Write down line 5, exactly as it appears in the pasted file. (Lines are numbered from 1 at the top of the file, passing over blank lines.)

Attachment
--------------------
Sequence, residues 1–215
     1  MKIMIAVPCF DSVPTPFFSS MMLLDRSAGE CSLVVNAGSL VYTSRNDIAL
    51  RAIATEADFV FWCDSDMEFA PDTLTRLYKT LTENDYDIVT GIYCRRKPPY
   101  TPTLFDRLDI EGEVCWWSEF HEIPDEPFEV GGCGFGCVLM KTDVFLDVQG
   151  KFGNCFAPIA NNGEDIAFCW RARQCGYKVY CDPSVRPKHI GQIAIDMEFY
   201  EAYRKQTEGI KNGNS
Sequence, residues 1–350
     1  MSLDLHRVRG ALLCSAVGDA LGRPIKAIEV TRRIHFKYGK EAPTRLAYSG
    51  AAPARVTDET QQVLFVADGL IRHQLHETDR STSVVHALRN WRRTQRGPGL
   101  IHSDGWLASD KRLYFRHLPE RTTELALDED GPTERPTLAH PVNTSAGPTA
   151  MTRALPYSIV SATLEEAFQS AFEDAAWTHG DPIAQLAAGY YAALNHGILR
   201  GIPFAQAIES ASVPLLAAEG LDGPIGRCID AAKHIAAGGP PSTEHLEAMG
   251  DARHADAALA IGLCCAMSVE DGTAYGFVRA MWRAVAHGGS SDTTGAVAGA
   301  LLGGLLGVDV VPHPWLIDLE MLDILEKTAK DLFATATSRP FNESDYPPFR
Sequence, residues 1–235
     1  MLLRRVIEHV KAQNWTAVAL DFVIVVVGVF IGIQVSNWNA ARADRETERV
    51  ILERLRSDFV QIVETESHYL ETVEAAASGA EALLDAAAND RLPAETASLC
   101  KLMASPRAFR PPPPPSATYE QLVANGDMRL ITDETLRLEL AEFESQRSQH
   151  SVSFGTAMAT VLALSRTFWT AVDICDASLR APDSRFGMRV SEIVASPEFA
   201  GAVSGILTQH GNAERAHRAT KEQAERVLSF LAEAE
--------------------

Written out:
   151  KFGNCFAPIA NNGEDIAFCW RARQCGYKVY CDPSVRPKHI GQIAIDMEFY